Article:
A new way of thinking

In addition to its access to the full range of university resources, Gies can rely on its experience outside of academia to shape Blueprint’s interactions with private companies. Its staff has a wide variety of industry experience and know-how, with backgrounds in manufacturing, human resources, nonprofits, corporate leadership, consulting, ed tech, business management, retail, sales and customer service. When it comes time to identify a problem and solve it, that breadth affords Gies many avenues of approach.

A big part of what’s making Blueprint work is an overhaul in the basic philosophy of what corporate relations is and what it’s supposed to do.

“Over the past decade, our college and university has moved from a corporate relations model based on now-outdated thinking of corporate relations as philanthropy to a more holistic model, where corporate relations are a strategic investment in partnership with industry,” says Barry Dickerson, managing director of corporate relations in the Geis Office of Advancement. “This type of model requires the ability to assess gaps in our services and strong coordination across units, at the campus and college levels. At Gies, Blueprint is a manifestation of our teamwork culture and the desire to be innovative, responsive, and easier to do business with.”

Might Blueprint be exported to other areas of the university? If it’s up to Dickerson, most definitely.

“As we continue to refine the use of Blueprint to broaden and deepen targeted corporate relationships, I’m hopeful Blueprint will be adopted campus-wide for use in corporate development and strategic planning,” he says.

Built to last

The foundation of Blueprint, and emblematic of the new approach it represents, is the upfront identification of 10 to 15 decision makers within a company, allowing the partners to flesh out ideas in front of a wide audience and to find an enduring consensus. This encourages broad support within the company and guards against the quick cessation of a partnership, Allen points out.

“I think one challenge in general with university-industry partnerships is that you get one person at a company who’s really excited about a partnership, and then for some reason they leave and the partnership dies,” he explains.

But the partnership with Accenture, which also partners with the UC-Berkeley, MIT, and Purdue, looks to be a solid one. With that in mind, it’s helpful to consider what both UI and Accenture get out of Blueprint.

“For us, faculty are looking for a way to provide thought leadership and research in specific areas,” Allen says. “There are also opportunities for us to provide upskilling or professional development for Accenture employees and their clients’ employees. As an academic institution, we’re always looking at how we educate our students to be prepared for the working world. By having a close partnership with a company like Accenture, we can understand better what’s happening in that world. We can co-create curricula and programs for students so that when they go to work for companies like Accenture, they’re more prepared. For Accenture, they want to stay ahead. They want to be at the forefront of what’s happening. They know universities are seedbeds for ideas and innovation.”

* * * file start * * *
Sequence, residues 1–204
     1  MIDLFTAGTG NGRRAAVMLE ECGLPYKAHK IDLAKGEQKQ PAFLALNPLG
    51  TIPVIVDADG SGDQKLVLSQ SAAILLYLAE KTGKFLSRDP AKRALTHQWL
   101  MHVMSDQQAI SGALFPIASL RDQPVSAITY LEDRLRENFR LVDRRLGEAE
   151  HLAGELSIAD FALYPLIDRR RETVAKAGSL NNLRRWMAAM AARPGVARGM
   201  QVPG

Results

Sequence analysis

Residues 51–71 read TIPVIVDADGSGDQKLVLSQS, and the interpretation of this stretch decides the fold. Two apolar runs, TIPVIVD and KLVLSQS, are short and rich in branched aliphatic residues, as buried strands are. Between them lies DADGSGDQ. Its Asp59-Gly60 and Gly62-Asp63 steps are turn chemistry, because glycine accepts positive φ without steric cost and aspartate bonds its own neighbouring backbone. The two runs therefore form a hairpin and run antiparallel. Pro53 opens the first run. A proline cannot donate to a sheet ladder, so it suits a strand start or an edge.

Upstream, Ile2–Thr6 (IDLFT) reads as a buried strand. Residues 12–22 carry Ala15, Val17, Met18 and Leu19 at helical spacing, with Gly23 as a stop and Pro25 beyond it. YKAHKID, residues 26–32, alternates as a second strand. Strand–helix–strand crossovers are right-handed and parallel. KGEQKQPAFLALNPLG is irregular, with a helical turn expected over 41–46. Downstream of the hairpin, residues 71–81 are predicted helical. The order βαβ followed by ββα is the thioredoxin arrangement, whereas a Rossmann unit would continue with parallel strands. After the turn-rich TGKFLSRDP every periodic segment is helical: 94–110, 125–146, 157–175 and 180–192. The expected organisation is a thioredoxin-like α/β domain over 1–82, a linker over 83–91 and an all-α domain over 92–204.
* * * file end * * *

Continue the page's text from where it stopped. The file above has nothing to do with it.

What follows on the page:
Looking to the private sector

One lesson learned from the Blueprint initiative goes back to how it was developed, which sprang from ideas gleaned outside of the campus walls. When Gies was putting the Blueprint program together, organizers first looked to see what other universities were doing. But in the end, they found what they were looking for in the private sector with Big Four accounting firms Deloitte and KPMG. In fact, a UI alum and her associates at KPMG worked with Gies for about nine months to advise on the Blueprint program based on the accounting firm’s growth consultancy.

“We called up our alum at KPMG and said, ‘Can we run something by you?’” Allen says.

A big part of the Blueprint process is the interview process, and Gies staff are not afraid to dig deep into a company’s culture and practices to develop solutions. It’s often through the fresh look taken by the Geis team that a company can discover something about itself — where the magic can happen. But for that moment to transpire, a company has to be willing to explore and remain open to a new perspective.

Gies staff agree that the companies which benefit the most from Blueprint have a few things in common — they are humble enough to ask for help, curious enough to listen, agile enough to implement new ideas, and willing to imagine a different way of doing things to grow. They reach out beyond their company for expert opinions that may diverge from their internal conversations, and they embrace a culture that loves learning.

“We help to take some of the bias out of their internal thought process,” says Kristie Paskvan, associate director at the Gies Magelli Office of Experiential Learning. “Have you ever worked somewhere where everyone starts to repeat the same phrases to the point where suddenly the response is, ‘We don’t do that here, we only do this?’ Through Blueprint, we bring new insights and attention to common themes where we can say, ‘Actually, we are hearing that you could do that, and your employees are asking for it, so why not?’ It’s holding a mirror up to the organization so they can view themselves through different eyes.”